Issues of Converting XML to JSON

Q

What are main issues of converting XML to JSON?

✍: FYIcenter.com

A

Here are main issues of converting an XML document to a JSON text string:

1. Differentiation of attributes and sub elements - An XML Element may have 2 types of named sub structures: attributes and sub elements. If we want to convert both XML attributes and sub elements to JSON object properties, how do we differentiate them in the resulting JSON object?

For example, the following XML element "ul" has an attribute "class" and a sub element "li":

<ul class="footNotes">
	<li>Price may change without prior notice.</li>
</ul>

Many conversion tools decide to prefix attribute names with "@" when converting them to JSON properties, as shown below:

{
   "ul": {
      "@class": "footNotes",
      "li": "Price may change without prior notice."
   }
}

2. Mixed content of text and sub element - An XML Element may have a mixed content of a text string and a sub element. If we want to convert the text string and the sub element to properties, how do we name the text string property?

For example, the following XML element "p" has a text string "Summer Special: " and a sub element "b":

<p>Summer Special: <b>20% Off on everything!</b>
</p>

Many conversion tools decide to name the property converted from text content as "#text" as shown below:

{
  "p": {
    "#text": "Summer Special: ",
    "b": "20% Off on everything!"
  }
}

3. Scattered text contents - An XML Element may have multiple text contents scattered between sub elements. If we want to convert those text contents together as single "#text" property, their locations relative to sub elements are lost in the conversion.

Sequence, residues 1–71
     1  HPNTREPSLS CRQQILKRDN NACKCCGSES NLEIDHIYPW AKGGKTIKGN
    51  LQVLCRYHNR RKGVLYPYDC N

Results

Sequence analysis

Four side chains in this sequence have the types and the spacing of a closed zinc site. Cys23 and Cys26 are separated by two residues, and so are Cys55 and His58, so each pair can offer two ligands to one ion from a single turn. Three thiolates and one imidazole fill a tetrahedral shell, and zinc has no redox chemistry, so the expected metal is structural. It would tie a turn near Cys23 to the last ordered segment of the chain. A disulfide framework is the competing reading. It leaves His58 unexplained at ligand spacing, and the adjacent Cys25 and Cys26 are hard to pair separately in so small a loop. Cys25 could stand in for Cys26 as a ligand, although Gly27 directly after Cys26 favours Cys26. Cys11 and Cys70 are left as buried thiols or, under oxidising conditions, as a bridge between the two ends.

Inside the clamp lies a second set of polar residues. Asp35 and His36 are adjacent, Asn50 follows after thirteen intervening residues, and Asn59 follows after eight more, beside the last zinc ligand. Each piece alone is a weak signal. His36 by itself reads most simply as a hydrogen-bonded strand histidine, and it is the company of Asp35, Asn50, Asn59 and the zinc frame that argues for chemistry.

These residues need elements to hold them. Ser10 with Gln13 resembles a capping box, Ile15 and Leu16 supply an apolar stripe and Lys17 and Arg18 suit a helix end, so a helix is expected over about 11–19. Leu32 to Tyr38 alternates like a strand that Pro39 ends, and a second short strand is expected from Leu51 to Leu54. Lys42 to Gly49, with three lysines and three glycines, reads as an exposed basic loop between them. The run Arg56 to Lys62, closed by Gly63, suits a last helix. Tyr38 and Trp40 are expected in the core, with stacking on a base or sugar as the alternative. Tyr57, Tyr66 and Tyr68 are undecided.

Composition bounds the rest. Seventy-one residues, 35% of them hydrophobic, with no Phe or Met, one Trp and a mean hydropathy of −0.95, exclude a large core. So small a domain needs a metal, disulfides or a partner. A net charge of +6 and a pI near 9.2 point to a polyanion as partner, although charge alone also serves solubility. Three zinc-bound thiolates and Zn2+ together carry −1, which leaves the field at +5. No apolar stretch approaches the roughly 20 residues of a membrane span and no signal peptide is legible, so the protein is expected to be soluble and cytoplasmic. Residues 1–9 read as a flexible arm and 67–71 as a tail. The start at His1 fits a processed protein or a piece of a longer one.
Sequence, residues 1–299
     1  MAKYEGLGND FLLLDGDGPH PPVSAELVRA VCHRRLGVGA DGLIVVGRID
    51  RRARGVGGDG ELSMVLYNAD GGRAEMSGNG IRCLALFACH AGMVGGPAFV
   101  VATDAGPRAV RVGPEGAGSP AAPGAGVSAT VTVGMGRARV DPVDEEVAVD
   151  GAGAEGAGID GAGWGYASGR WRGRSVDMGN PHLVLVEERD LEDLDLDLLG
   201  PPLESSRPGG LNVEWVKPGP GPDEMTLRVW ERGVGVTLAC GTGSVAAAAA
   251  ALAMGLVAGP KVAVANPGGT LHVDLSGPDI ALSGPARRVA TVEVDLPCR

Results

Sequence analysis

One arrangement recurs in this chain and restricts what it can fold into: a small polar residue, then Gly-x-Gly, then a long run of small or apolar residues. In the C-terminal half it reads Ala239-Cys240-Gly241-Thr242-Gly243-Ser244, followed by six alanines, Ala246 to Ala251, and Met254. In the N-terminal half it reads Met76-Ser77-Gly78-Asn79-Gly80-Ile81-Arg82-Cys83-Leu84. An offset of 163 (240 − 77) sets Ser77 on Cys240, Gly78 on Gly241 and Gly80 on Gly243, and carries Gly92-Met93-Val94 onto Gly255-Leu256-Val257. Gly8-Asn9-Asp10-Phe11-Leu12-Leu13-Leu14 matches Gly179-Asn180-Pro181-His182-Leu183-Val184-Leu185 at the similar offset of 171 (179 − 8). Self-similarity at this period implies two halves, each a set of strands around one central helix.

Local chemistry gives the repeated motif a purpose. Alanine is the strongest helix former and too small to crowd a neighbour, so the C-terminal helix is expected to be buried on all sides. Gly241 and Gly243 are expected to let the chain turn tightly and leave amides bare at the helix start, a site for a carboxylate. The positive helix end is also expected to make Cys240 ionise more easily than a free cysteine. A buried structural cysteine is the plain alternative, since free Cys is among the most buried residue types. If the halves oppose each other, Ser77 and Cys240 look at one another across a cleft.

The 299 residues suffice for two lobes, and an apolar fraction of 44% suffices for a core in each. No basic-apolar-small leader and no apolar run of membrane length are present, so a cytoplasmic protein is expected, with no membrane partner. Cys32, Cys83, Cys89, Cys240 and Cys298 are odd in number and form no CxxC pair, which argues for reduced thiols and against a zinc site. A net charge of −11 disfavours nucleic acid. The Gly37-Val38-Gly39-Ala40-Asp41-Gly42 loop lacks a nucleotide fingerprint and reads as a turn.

For example, the following XML element "p" has 2 text contents of "Welcome to " and " Website!" located before and after the "b" sub element:

<p>Welcome to <b>FYIcenter.com</b> Website!</p>

Many conversion tools decide to aggregate scattered text contents into a single property named as "#text", with the property value set to an array to hold their contents as shown below:

{
  "p": {
    "#text": [
      "Welcome to ",
      " Website!"
    ],
    "b": "FYIcenter.com"
  }
}

4. Repeating sub elements - An XML Element may have repeating sub elements, where multiple sub elements have the identical element name. If we want to convert those sub elements to properties, their property names will be same, which is not allowed in JSON.

For example, the following XML element "ul" has 3 repeating sub elements named as "li":

<ol>
	<li>Scope</li>
	<li>Time</li>
	<li>Cost</li>
</ol>

Many conversion tools decide to aggregate repeating sub elements into a single property, with the property value set to an array to hold their contents as shown below:

{
	"ol": {
		"li": [
			"Scope",
			"Time",
			"Cost"
		]
	}
}

5. Scattered repeating sub elements - An XML Element may have scattered repeating sub elements, where multiple sub elements of the identical element name scattered among other sub elements. If we want to aggregate those sub elements to a single property with an array as the value, their locations relative to other sub elements are lost in the conversion.

For example, the following XML element "body" has 2 repeating sub elements named as "p" and 2 repeating sub elements named as "blockquote":

<body>
	<p>Username:</p>
	<blockquote>nobody</blockquote>
	<p>Password:</p>
	<blockquote>noidea</blockquote>
</body>

Many conversion tools decide to aggregate sub elements in the above example into 2 properties: "p" and "blockquote", and each holds an array for their contents respectively as shown below:

{
  "body": {
    "p": [
      "Username:",
      "Password:"
    ],
    "blockquote": [
      "nobody",
      "noidea"
    ]
  }
}

 

XML to JSON Conversion

⇒⇒JSON Tutorials

2017-08-17, 114👍, 0💬